Pakistan says it has shot down two Indian air force planes in Kashmir after they were scrambled to intercept Pakistani combat jets, and that an Indian pilot who came down in Pakistani territory had been captured, the Independent reported.
The clashes represent a significant escalation since India said it successfully bombed a major militant training camp in Pakistani territory, in the first airstrikes across the de facto border in Kashmir since 1971.
Indian officials confirmed at least one of its aircraft came down in Indian-administered Kashmir and that both pilots and a civilian were killed. They did not say whether the plane had been shot down.
Live flight tracking data showed commercial jets turning back from the region and Indian police said the main airport in Kashmir, Srinagar, had been closed. Indian airline Vistara said that "due to airspace restrictions", it was stopping flights to four northern Indian cities including Srinagar and as deep into India as Chandigarh.
In a statement on its foreign ministry website entitled "Pakistan strikes back", Islamabad said it had "under[taken] strikes across the line of control from within Pakistani airspace" on Wednesday morning.
The statement said the strikes hit "non-military targets, avoiding human loss and collateral damage". It said the raid was intended as a show of force, "to demonstrate our right, will and capability for self defence".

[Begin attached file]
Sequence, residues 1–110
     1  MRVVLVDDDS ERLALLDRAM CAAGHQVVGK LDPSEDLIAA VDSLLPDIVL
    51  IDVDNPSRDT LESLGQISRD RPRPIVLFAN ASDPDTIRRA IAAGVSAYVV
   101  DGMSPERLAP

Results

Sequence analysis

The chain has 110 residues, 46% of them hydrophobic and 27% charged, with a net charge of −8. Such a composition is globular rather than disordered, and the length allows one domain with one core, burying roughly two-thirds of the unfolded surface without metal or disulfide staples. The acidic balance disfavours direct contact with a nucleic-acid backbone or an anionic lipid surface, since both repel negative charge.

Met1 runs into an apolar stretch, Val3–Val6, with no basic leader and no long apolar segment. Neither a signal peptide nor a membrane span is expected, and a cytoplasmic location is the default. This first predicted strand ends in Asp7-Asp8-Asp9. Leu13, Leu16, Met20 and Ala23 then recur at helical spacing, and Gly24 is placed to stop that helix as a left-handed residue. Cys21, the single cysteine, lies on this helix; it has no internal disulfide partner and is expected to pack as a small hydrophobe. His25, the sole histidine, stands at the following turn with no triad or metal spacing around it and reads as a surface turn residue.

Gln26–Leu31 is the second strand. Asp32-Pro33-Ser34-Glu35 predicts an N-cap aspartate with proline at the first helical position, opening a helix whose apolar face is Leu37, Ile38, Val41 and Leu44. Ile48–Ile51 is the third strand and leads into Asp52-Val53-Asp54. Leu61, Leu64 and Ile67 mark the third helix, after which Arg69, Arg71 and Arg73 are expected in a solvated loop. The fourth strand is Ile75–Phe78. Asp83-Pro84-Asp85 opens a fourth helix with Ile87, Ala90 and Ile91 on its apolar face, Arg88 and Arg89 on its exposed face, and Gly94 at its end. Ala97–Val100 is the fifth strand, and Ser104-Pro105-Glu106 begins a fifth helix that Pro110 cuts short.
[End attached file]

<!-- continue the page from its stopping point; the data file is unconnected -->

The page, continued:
In a further statement, an armed forces spokesman said India had responded to the strike by scrambling its own fighter jets, some of which crossed the line of control into Pakistan-administered Kashmir.
"PAF shot down two Indian aircrafts inside Pakistani airspace. One of the aircraft fell inside AJ&K (Pakistan-administered Kashmir) while other fell inside IOK (Indian-administered Kashmir)," said Maj General Asif Ghafoor.
The incident comes after an Indian government minister said it had "completely destroyed" a major base of Jaish-e-Mohammed (JeM), the militant group which claimed the deadly 14 February car bomb attack on Indian soldiers in Pulwama, Kashmir. Pakistan said Tuesday morning's bombing raid had caused no damage or loss of life, but vowed to respond in due course nonetheless.
Meanwhile on Wednesday morning the Pakistani police claimed Indian shelling across the treaty-agreed line of control in Kashmir had killed at least six civilians on the Pakistan side.
Indian and Pakistani forces regularly exchange fire across the border region, but observers say fighting has been particularly fierce since news broke of India's air sortie on Tuesday. It was the first time either side had conducted airstrikes across the line of control since the last major war between the two countries over Kashmir ended in 1971.
Since the 14 February bombing, which killed 40 Indian paramilitary officers and which the Indian government blamed on Pakistan, the international community has urged both sides to exercise restraint and avoid further military escalation.
The crash comes amid spiraling tensions with Pakistan.
The helicopter crashed near Budgam in the Indian State of Jammu and Kashmir, local media reported. At least two bodies were found at the site. Earlier reports indicated that the crashed aircraft was a jet.
Photos and videos have been posted on social media, showing what appears to be the crash site and the wreckage of the aircraft.
More about: India